American Industrial Hygiene Conference and Exposition, May 30 - June 4, 2009, Toronto, Canada. Fairfax, VA: American Industrial Hygiene Association, 2009 May; :76
Most firefighters wear rubber boots or lighter leather boots with either Goodyear welt or cement soles. A 5% to 12% increase in oxygen consumption per kg of weight added to the foot has been observed; however, this increase may depend on gender, boot weight, sole type, and whether subjects are wearing additional protective clothing/equipment. To determine the effects of two welt- (GW) and two cement-soled (CM) boot models on firefighters' metabolic and respiratory variables during simulated firefighting tasks, 13 women and 14 men, while wearing full turnout clothing, a 10.5-kg backpack, gloves, a helmet, and a randomly assigned boot model walked for six minutes at three mph on a treadmill while carrying a 9.5-kg hose and climbed a stair ergometer for six minutes at 45 steps per minute. Minute ventilation (VE), oxygen consumption (VO2), CO2 production (VCO2), and heart rate (HR) were measured, and the data from minute six were used for analysis. Means for the GW (2.57 kg for men, 2.42 kg for women) and CM (2.75 kg for men, 2.44 kg for women) models most closely matched for weight were compared for men and women for each task. For men, HR was 9.0% greater for GW during stair climbing. VO2 was 2.1% greater, and HR was 6.9% greater for GW during treadmill walking. For women, VO2, VCO2, and VE were 5.0, 5.8, and 10.5% greater, respectively, for GW during stair climbing. VO2, VCO2, and VE were 7.4, 6.4, and 9.5% greater, respectively, for GW during treadmill walking. These data demonstrate that, in addition to boot weight, sole type may be important in determining the physiological consequences of wearing firefighter boots.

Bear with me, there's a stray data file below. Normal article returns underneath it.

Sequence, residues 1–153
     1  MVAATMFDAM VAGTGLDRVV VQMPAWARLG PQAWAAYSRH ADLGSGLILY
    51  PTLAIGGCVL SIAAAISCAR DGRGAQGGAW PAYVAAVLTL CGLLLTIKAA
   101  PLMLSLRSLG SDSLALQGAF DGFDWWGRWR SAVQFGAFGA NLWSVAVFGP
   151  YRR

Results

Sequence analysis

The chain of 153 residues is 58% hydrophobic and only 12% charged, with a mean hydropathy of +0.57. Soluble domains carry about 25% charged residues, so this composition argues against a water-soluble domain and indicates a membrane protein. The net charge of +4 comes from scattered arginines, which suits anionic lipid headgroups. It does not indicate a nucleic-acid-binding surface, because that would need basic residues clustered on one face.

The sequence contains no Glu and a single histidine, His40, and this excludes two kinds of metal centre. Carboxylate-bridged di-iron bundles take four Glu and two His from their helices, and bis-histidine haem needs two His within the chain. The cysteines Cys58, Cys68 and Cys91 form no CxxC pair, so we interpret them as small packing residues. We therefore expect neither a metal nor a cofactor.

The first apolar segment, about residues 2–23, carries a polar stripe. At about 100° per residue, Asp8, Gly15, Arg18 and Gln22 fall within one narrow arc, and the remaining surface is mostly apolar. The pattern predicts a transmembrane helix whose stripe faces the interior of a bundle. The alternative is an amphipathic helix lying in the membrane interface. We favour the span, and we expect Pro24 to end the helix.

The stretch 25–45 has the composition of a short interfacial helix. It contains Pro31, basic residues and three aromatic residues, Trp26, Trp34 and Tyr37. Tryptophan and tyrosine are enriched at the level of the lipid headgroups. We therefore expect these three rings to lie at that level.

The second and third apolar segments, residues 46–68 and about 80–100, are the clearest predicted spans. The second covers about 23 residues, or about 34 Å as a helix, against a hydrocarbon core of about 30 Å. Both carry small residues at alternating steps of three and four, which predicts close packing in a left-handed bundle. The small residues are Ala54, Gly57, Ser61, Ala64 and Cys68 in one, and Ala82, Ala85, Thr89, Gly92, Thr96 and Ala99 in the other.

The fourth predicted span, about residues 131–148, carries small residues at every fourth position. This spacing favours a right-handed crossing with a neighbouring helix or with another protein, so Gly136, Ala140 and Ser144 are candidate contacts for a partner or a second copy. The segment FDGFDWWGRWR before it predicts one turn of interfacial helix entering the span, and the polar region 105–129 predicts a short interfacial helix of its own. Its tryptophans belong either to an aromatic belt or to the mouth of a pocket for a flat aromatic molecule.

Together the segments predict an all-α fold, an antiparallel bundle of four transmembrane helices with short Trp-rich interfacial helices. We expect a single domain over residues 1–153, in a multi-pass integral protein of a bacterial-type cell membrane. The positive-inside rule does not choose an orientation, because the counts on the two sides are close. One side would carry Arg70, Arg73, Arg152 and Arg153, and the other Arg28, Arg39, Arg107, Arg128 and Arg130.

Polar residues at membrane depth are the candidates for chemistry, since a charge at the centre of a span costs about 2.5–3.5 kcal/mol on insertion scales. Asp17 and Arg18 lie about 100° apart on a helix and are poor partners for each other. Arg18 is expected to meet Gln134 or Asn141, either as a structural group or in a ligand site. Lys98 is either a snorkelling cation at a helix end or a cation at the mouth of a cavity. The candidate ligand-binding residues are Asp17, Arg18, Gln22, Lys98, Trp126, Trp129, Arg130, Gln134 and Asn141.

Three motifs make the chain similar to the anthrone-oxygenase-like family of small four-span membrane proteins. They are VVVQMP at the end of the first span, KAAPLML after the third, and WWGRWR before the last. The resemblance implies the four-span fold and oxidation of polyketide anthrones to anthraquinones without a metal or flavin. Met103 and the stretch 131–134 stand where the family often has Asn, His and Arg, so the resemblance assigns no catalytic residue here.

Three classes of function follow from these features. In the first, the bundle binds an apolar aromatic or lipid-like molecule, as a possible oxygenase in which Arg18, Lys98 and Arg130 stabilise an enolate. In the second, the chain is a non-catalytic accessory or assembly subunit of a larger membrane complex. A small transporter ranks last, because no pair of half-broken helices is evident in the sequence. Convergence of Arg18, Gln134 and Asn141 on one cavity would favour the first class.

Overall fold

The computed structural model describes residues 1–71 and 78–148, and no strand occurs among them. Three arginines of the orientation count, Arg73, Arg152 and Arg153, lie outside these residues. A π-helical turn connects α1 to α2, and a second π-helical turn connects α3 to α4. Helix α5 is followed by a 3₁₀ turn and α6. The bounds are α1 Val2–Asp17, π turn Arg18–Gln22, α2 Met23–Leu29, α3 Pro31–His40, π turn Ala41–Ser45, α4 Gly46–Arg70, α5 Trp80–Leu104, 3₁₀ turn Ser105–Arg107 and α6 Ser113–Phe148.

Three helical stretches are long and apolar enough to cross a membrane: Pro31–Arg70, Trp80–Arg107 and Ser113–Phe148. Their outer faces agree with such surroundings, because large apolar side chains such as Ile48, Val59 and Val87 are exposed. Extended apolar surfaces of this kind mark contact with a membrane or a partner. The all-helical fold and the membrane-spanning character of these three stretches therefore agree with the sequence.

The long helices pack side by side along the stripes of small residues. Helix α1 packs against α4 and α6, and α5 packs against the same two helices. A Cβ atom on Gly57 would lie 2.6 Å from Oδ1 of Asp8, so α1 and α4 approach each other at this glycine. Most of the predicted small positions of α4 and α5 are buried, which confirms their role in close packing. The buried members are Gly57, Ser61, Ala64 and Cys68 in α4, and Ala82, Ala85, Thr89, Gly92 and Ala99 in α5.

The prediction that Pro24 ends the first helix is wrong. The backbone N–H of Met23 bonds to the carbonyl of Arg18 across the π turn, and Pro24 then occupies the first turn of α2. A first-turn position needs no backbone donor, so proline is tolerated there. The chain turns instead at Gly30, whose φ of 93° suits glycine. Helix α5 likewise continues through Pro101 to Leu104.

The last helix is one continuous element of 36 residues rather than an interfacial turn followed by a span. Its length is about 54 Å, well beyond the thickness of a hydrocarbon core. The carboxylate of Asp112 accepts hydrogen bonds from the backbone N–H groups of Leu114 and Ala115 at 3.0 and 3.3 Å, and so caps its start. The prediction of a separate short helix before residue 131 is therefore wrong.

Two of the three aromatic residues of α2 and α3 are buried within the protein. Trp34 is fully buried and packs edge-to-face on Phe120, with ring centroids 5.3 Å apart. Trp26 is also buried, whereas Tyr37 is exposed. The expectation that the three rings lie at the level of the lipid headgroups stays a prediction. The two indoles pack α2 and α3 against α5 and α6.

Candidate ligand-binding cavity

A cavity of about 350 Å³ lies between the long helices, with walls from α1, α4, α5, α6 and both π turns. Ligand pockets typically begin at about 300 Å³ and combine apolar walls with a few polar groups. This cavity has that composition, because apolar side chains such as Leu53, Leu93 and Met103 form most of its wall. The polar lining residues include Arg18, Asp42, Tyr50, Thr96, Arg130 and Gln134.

American Industrial Hygiene Conference and Exposition, May 30 - June 4, 2009, Toronto, Canada